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Gizmorama - August 3, 2016

Good Morning,


A new development in the treatment of diabetes and cancer has come in the form of a portable device that would allow doctors to create and distribute single doses of biopharmaceutical medications on demand.

Learn about this and more interesting stories from the scientific community in today's issue.

Until Next Time,
Erin


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*-- Vortex laser carries computer data in cyclone-like motion --*

BUFFALO, N.Y. - As the rise car ownership and automobile use in the 1950s and 60s necessitated bigger, better roads, increasing broadband use demands more efficient telecommunications technology.

Researchers at the University of Buffalo have developed a vortex laser small enough to fit on a chip and capable of transmitting 10 times more data than conventional linear lasers. The technology may also delay the end of Moore's Law.

Moore's Law is the idea that engineers will continue to find ways to make computers and other smart devices smaller and smaller. But recently, scientists have speculated that Moore's Law is approaching a bottom limit.

"To transfer more data while using less energy, we need to rethink what's inside these machines," researcher Liang Feng, an assistant professor of electrical engineering at Buffalo, said in a news release.

The vortex laser, with data encoded into multiple corckscrew-like twists, may stave off this approaching technological barrier.

Increasingly, researchers have used light to move and store data -- as opposed to electrical currents -- across and in smaller and smaller computer components. But scientists are running out of ways to manipulate light. The vortex laser and its corkscrew light pattern offer a new strategy.

Previously, the technique, called orbital angular momentum, has been too big to use on tiny computer components, but scientists at Buffalo have found a way to shrink the pattern.

The laser -- described in a new paper in the journal Science -- won't be a cure-all, but combined with new technologies like more efficient transmitters and atomic storage chips, it may push the end of Moore's Law well into the future.



*-- Device makes single doses of drugs on demand --*

CAMBRIDGE, Mass. - A portable device may allow doctors to create single doses of biopharmaceutical medications on demand, potentially speeding the treatment of diseases that include diabetes and cancer.

The portable production system was developed by scientists at the Massachusetts Institute of Technology, with funding from the U.S. Defense Advanced Research Projects Agency, expecting the device could be useful for the battlefield and remote areas to produce treatments immediately at the point of care.

Biopharmaceutical manufacturing generally requires single biologic-producing cell lines cultivated at large scales, making treatment with these types of drugs difficult in short time frames.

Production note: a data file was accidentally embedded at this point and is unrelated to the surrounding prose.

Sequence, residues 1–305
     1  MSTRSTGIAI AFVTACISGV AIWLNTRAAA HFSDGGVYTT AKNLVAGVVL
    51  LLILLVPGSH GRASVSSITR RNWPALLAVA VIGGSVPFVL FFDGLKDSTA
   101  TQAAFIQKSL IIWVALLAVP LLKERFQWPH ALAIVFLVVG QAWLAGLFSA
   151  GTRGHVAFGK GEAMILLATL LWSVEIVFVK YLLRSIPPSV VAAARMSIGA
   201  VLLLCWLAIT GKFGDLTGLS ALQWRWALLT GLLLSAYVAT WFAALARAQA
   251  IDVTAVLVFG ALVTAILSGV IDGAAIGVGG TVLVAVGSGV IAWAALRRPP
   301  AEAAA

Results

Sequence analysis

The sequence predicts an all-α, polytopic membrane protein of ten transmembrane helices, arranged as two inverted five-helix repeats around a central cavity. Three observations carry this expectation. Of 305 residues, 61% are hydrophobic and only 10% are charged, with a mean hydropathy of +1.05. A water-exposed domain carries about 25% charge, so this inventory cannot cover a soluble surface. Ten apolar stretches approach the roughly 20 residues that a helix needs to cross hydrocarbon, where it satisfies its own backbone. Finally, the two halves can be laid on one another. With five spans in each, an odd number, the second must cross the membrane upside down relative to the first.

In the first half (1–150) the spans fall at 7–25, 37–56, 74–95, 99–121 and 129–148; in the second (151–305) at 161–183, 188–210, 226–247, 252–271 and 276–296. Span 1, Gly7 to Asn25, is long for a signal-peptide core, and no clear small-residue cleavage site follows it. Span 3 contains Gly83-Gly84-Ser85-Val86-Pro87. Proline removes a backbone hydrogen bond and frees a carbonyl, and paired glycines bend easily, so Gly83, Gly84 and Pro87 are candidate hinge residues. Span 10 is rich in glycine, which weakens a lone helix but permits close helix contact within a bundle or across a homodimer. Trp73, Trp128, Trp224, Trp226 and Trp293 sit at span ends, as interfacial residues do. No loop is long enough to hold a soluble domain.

The system, described in the journal Nature Communications, can currently produce two biologic drugs from a single yeast strain in the device, creating near-single-dose production in less than 24 hours with limited infrastructure.

MIT researchers previously announced the production system in March, showing off what they said could be used as an emergency backup for drug production or employed in situations where medications are not readily available.

"It is a pragmatic solution for biomanufacturing, and the team's flexible and portable platform shows an authentic way of producing personalized therapeutics," Luke Lee, a professor of bioengineering at the University of California Berkely, said in a press release.

The production system uses a programmable strain of yeast, Pichia pastoris, which produces two proteins used for disease therapy.

The strain of yeast, which can grow at very high densities when exposed to carbon sources, expressed recombinant human growth hormone when exposed to estrogen ß-estradiol and expressed the protein interferon when exposed to methanol.

The researchers say the type of biologic can be changed by exposing yeast to small droplets containing a chemical trigger, which they say can be changed safely by flushing it through a filter before a fresh liquid is added to the device.

The potential use for the device is significant, as it can be used for everything from treatments on a battlefield where immediate care is required to prevention of a disease outbreak in a remote village, said Tim Lu, an associate professor of biological engineering and electrical engineering and computer science at MIT.

"Imagine you were on Mars or in a remote desert, without access to a full formulary, you could program the yeast to produce drugs on demand locally," Lu said.

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